Gardening: Cedars of Lebanon

According to Kabbala, we're destined to live up to the legacy in our names. Erez Levanon made this clear.

By YEHOSHUA SISKIN
April 12, 2007 11:04
4 minute read.
Gardening: Cedars of Lebanon

erez levanon 298.88. (photo credit: Channel 10)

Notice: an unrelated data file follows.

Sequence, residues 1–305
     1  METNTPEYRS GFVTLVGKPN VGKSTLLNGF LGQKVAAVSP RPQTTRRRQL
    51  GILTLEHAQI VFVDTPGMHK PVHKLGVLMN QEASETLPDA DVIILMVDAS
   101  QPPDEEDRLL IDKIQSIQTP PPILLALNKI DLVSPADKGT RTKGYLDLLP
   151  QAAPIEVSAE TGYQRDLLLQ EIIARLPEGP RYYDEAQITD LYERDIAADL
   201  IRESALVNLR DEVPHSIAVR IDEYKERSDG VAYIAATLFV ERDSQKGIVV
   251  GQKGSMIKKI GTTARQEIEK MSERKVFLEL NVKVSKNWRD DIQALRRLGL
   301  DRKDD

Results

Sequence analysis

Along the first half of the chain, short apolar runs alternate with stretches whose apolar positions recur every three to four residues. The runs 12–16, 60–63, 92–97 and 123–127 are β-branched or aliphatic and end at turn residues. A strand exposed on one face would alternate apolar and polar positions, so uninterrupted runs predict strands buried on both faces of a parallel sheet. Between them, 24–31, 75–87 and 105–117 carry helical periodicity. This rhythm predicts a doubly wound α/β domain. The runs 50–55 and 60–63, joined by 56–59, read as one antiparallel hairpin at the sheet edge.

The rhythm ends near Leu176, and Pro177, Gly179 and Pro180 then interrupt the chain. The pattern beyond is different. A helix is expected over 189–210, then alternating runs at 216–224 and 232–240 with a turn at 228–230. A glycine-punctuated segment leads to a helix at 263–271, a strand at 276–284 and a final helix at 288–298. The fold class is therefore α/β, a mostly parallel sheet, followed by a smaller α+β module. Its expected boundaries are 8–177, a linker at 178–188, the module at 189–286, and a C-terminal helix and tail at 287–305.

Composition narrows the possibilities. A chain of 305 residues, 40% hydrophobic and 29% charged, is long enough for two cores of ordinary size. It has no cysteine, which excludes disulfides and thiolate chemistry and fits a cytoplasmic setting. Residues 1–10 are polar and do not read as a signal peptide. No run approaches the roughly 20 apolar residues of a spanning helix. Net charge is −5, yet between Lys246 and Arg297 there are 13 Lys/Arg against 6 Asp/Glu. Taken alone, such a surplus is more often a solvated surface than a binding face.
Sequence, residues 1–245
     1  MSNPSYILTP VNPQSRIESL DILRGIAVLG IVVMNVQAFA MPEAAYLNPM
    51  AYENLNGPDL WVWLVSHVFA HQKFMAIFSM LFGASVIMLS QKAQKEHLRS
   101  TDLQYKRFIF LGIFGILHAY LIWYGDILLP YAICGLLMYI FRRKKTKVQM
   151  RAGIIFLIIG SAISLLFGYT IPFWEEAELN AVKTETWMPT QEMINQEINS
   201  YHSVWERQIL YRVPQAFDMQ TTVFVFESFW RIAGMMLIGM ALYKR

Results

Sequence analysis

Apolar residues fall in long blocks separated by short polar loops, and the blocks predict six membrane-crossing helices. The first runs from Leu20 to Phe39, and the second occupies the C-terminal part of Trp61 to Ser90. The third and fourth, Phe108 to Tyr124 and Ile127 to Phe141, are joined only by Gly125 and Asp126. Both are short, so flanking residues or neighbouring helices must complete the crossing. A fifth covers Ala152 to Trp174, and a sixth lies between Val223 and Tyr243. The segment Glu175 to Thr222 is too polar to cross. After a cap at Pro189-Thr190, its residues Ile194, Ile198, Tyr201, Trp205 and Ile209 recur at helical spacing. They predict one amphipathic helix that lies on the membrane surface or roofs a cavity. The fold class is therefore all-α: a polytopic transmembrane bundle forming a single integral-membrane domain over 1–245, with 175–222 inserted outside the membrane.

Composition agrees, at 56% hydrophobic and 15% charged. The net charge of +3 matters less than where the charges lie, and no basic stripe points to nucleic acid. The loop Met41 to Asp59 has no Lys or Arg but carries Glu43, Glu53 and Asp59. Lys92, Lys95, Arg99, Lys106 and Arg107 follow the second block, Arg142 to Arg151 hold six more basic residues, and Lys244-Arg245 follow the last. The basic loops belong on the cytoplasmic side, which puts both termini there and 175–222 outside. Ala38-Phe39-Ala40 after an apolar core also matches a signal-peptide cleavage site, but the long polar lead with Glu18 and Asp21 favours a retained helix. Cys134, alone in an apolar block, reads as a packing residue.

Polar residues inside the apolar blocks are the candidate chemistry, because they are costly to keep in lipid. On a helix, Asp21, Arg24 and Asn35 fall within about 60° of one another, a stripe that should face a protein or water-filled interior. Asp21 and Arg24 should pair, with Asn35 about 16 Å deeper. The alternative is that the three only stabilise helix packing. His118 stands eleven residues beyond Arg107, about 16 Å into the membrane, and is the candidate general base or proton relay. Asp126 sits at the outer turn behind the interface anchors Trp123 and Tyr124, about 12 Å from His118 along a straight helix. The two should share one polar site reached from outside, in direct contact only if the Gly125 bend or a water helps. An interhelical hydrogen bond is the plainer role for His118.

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According to the Kabbala, we are all destined to live up to the legacy revealed in our names. This truth was made clear in the life of Erez Levanon, of blessed memory. In Psalm 104, arzei Levanon (cedars of Lebanon) are described as "trees of the Lord that drink their fill." According to the commentaries, this refers to the extraordinary attention God lavishes on cedars of Lebanon because of the special mission to which they have been assigned. Erez Levanon, too, was given such a mission. In the Torah, the word erez does not only mean cedar, as it is usually translated, but also has a more generic meaning that includes every type of shade and forest tree (see page 156 of Etzei Besamim, Ya'ar Venoi, a meticulously researched volume on biblical trees, by Yehuda Feliks). Erez Levanon may have stood out as a humble, musical mystic from Bat Ayin, who strummed his guitar and sang to children as they walked to school, but he was really no different from the many Jews he touched who, underneath, shared his yearning for God. Erez had the rare ability to connect with every Jew, whether black hat and bearded, clean-shaven or tattooed. Each year, Erez made a trip to India, where he mingled with the thousands of young Israelis who, in search of escape, adventure or God, travel east. Erez brought many of them back into the fold. Erez Levanon was the elusive, pure and holy Jew we all long to meet, the kind of Jew described in a story told by the Sokolover Rebbe when he was asked to describe "the most real Jew" he had ever known. The Sokolover's grandfather was the famous Kotzker Rebbe, who never tired of proclaiming that God only loves what's real. So, as a young man, the Sokolover went up and down the aisles of his shul looking for a real Jew. He checked among the rich, the poor, the old scholars and the young students, but could not find a real Jew among them. Finally, he saw someone who was just standing and reading psalms, but with the greatest sincerity, his face aglow - a real Jew. Erez Levanon's final act was communing with God in a forest in Bat Ayin, where he was murdered. When his lifeless body was found, it glowed with ethereal light. The Jew in the Sokolover's story was a water carrier who brought water to his shul before dawn, without payment, so that people could wash before the morning prayers. Erez Levanon had a practice of playing his guitar at weddings and bar mitzva parties, at no charge, for poor families. Cedars of Lebanon, as Psalm 104 relates, are inviting, giving trees in which birds of every kind make their homes. In Midrash Tehillim on Psalm 104, we read that cedars of Lebanon did not have to be created since there were many other trees suitable for lumber. There was only one reason for which cedars of Lebanon were created and that was to glorify God when their timbers were formed into the massive beams of the Holy Temple which Solomon built. It is evident that Erez Levanon, in both life and death, was also created for the purpose of bringing glory to God's name. There are four species of cedar trees, all native to mountainous regions. Aside from the cedar of Lebanon, which may live for more than 1,000 years, there is the Deodor cedar, a massive tree with shaggy limbs from the western Himalayas, the Atlas cedar, a handsome, stiff-neeedled specimen from the Atlas mountains of Morocco, and the Cyprus cedar, growing at high elevations on the island that bears its name. Cedar cones may be opened by soaking them in water for 48 hours. Once seeds are removed and dried, they can be stored for three years or longer without losing their viability. When you decide to germinate the seeds, soak them in tap water at room temperature for a few hours and then partially dry them in the sun for no more than 15 minutes. Afterward, place them in a thin plastic bag. Fold over the top of the bag and put it in the refrigerator until the seeds sprout, which should occur in less than a month. As baby roots emerge from the seeds, transfer them to a fast-draining soil mix that is equal parts sand and peat moss (kavul in Hebrew). Carefully place the roots in the soil in Styrofoam cups or other small containers, leaving the tops of the seeds exposed. Cedar seedlings are highly sensitive to damping off, a fungus disease that kills inchoate plants when seeds are completely buried. Planting seeds too deep is a common mistake of novice gardeners. In nature, seeds drop onto the ground and, still on the soil surface, somehow manage to germinate. Often they are protected only by leaf litter. We should take our cue from nature and plant on the soil surface, or just below it, protecting our seeds with nothing more than a light covering of compost or mulch. Although cedar trees eventually grow large, they can be confined to containers for years. Cedars are slow growing and may remain in average-sized (15-20 liter) containers for 10 years or longer without needing repotting. You can keep a tree in any size pot by root pruning, a task to be performed when roots start to circle the inside of the pot or begin growing through drainage holes. Remove no more than one third of the roots, from sides and bottom, before refilling the container with fresh soil and repotting. gardengan18@yahoo.com

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